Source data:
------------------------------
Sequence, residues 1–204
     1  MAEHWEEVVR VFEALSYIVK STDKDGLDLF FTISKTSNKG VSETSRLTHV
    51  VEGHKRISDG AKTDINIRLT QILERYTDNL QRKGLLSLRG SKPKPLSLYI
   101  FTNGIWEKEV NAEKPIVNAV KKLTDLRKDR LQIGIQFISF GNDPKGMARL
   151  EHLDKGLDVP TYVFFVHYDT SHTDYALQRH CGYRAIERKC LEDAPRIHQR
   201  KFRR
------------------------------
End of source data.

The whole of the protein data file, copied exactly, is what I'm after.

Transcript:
Sequence, residues 1–204
     1  MAEHWEEVVR VFEALSYIVK STDKDGLDLF FTISKTSNKG VSETSRLTHV
    51  VEGHKRISDG AKTDINIRLT QILERYTDNL QRKGLLSLRG SKPKPLSLYI
   101  FTNGIWEKEV NAEKPIVNAV KKLTDLRKDR LQIGIQFISF GNDPKGMARL
   151  EHLDKGLDVP TYVFFVHYDT SHTDYALQRH CGYRAIERKC LEDAPRIHQR
   201  KFRR